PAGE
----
The UK has a strong link to the Paralympic Games. In 1948, Dr Ludwig Guttmann organised a wheelchair archery competition at Stoke Mandeville hospital for World War II soldiers with spinal cord injuries.
The competition took place between sports clubs and other hospitals on the same day as the Opening Ceremony of the London 1948 Olympic Games.
Four years later, as more sports were added, athletes from Holland joined in and the international Paralympic Movement was born. Read more about Paralympic Games History on the International Paralympic Committee Website.
1984 Paralympic Games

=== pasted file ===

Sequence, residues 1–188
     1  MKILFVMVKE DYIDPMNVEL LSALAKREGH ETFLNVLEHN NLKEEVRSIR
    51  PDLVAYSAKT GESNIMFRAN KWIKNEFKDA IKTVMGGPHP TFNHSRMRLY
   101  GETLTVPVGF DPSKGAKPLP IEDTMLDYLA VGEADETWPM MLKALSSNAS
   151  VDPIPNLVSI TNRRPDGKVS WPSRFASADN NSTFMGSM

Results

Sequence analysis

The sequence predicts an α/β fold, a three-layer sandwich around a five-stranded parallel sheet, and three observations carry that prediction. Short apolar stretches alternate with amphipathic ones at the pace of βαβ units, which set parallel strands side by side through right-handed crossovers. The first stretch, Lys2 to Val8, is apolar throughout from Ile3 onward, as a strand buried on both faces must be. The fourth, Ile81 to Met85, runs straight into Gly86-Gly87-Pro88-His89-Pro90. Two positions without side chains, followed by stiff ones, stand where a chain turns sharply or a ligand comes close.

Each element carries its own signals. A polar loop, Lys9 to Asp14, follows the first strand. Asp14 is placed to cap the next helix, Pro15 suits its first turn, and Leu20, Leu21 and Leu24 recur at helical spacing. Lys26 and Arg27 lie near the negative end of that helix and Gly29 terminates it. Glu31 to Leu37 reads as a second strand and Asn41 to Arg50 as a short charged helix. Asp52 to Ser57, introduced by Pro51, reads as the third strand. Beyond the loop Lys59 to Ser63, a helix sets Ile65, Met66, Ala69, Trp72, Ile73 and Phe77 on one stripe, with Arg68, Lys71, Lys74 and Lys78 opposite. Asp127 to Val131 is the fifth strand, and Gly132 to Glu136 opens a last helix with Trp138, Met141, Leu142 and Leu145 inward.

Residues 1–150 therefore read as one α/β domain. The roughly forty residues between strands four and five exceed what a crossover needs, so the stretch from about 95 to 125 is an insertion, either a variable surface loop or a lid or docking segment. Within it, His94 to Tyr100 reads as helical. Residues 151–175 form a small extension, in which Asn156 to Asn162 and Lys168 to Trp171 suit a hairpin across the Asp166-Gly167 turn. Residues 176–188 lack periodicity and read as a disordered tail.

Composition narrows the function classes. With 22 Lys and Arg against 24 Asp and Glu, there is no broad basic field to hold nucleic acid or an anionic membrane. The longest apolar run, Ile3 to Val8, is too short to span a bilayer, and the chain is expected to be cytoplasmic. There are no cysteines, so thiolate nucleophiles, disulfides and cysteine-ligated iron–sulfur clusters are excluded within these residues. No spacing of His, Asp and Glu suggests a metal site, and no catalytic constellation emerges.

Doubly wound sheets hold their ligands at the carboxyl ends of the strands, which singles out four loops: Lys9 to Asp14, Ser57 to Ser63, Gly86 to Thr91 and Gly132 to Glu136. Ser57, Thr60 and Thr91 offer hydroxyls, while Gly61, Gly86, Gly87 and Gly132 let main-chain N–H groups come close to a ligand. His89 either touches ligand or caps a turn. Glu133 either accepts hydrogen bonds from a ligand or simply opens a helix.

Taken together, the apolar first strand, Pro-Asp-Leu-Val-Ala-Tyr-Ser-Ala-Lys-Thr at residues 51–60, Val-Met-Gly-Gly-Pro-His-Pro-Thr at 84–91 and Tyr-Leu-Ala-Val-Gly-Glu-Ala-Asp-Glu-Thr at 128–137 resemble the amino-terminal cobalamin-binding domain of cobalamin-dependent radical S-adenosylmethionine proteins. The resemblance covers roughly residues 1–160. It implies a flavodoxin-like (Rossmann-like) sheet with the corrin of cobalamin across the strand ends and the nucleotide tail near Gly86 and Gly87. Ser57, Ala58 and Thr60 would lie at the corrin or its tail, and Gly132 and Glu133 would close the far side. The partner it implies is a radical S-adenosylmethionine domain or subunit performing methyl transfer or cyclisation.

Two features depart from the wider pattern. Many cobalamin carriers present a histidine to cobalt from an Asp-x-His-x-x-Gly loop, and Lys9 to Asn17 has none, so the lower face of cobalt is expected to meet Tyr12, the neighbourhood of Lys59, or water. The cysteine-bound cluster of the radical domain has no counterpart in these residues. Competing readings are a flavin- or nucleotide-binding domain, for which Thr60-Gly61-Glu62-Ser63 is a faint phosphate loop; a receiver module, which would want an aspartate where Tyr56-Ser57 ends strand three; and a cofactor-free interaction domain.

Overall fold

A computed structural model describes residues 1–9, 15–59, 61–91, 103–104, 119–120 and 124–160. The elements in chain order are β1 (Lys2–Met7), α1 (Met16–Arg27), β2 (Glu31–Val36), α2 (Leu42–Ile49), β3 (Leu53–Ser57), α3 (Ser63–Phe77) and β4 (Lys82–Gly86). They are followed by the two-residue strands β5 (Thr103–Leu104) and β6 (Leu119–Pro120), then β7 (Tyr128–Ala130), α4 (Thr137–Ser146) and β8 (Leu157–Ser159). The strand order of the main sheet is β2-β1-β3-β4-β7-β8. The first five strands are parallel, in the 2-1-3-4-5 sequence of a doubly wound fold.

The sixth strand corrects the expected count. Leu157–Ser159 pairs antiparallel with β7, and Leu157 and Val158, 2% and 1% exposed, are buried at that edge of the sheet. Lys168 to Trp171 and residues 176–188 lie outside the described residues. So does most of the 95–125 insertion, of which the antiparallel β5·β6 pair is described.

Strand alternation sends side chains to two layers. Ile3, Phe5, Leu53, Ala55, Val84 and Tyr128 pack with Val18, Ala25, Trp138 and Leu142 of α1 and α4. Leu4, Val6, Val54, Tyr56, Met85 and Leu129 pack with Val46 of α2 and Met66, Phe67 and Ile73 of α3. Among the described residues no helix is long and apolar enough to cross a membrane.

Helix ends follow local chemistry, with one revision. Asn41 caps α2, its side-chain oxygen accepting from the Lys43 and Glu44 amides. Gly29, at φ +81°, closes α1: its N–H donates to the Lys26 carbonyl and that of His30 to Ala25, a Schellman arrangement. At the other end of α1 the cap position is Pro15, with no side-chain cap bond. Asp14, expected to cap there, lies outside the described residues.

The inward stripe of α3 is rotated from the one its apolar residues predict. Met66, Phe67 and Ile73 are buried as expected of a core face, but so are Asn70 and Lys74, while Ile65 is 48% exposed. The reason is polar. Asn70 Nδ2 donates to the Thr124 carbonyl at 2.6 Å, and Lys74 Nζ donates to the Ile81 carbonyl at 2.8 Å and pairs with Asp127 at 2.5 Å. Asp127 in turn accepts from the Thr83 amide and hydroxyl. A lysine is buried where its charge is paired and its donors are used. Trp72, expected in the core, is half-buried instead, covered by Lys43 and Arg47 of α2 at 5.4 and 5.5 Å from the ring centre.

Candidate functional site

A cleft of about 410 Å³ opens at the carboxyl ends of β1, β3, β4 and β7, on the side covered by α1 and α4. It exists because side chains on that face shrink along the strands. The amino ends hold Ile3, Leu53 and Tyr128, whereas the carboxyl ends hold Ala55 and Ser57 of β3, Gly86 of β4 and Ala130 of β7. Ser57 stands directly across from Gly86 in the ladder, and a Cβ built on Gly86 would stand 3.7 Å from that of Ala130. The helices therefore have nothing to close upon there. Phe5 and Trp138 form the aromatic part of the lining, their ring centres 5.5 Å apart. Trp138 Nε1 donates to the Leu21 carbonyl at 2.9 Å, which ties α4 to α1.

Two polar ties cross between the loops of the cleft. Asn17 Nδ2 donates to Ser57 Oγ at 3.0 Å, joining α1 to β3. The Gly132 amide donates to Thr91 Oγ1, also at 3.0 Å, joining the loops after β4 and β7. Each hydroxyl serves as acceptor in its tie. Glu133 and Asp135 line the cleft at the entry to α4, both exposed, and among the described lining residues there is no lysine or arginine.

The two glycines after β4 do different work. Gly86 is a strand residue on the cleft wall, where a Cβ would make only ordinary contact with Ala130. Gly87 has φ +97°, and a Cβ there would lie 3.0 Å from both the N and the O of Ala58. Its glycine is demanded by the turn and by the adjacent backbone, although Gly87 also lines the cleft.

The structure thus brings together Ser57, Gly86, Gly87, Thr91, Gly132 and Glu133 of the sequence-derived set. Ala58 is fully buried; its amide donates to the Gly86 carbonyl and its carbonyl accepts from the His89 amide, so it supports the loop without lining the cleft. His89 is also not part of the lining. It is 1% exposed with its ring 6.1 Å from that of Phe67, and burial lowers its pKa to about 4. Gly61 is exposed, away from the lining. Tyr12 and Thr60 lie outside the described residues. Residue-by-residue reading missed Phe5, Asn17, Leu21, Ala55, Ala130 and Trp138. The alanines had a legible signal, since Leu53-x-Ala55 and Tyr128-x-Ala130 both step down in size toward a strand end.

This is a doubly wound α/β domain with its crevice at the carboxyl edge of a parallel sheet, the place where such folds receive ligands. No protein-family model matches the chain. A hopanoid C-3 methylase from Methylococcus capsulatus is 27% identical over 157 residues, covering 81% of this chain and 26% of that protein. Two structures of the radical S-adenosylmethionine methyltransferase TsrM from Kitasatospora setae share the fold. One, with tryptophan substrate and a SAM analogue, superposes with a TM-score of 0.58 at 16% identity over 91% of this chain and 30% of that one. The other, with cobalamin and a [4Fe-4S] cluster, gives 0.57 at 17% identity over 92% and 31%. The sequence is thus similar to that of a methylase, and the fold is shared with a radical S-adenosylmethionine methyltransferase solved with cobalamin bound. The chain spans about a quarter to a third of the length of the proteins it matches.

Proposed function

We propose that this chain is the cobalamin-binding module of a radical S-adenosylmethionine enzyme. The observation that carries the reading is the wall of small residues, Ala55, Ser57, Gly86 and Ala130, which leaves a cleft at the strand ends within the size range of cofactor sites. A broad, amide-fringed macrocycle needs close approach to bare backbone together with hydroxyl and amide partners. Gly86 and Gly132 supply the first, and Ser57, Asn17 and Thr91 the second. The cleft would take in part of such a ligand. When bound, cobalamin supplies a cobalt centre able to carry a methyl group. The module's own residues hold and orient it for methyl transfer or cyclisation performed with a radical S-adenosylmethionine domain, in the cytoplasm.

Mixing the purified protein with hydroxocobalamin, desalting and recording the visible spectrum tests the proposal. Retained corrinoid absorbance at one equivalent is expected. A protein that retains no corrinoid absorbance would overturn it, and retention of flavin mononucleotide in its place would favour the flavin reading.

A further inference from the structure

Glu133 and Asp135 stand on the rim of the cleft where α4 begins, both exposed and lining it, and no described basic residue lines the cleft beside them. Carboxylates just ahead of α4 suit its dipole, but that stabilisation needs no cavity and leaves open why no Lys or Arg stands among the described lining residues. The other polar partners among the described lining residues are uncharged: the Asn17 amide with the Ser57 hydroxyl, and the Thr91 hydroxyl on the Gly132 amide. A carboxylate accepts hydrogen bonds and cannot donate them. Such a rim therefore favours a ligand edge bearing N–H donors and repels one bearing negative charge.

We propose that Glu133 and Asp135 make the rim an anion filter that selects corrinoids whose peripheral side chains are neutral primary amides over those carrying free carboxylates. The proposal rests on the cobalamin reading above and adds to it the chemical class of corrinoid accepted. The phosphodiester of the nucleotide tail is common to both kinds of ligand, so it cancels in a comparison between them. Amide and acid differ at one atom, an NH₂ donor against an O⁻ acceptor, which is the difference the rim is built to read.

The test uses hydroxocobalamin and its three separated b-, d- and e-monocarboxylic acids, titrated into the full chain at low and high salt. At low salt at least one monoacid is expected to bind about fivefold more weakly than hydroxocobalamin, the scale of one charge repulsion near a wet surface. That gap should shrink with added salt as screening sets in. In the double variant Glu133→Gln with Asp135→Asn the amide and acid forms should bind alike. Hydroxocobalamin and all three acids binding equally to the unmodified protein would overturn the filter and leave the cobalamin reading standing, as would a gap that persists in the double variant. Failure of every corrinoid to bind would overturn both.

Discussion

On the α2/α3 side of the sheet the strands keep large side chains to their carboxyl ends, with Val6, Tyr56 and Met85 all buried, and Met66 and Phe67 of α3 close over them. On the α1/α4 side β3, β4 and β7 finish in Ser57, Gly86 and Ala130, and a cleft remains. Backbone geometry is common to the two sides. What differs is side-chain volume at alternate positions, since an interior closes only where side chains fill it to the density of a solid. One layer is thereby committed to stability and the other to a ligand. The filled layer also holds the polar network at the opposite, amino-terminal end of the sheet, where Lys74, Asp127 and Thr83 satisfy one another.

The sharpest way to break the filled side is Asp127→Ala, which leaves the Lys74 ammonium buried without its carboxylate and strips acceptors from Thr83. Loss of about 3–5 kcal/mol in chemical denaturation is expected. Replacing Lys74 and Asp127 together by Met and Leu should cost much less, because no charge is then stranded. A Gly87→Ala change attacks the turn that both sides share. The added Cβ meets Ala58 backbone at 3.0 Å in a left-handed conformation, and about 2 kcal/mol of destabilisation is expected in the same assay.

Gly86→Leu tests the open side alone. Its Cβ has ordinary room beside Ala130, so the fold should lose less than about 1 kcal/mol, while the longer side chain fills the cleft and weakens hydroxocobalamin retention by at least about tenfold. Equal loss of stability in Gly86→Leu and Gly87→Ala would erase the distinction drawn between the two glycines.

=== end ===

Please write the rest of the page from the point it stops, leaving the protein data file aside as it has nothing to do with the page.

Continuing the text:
The 1984 Paralympic Games were held in both Europe and North America. Amputee cerebral palsy, visually impaired and les autres athletes all competed in New York, USA, while athletes with spinal cord disabilities competed in Stoke Mandeville, England.
The Games in Stoke Mandeville were held from 22 July to 1 August and organised by the British Paraplegic Sports Society.
The Opening Ceremony was presided by HRH Prince Charles, who officially opened the Games. More than 1,100 athletes from 41 countries competed in 10 events.
The UK has kept up its pioneering role in sport for athletes with disabilities and has staged many international events, including the World Swimming Championships and World Equestrian Championships (1994), as well as the World Athletics Championships (1998).
At the 2002 Commonwealth Games in Manchester, events for athletes with disabilities ran alongside the other competitions at the main venues.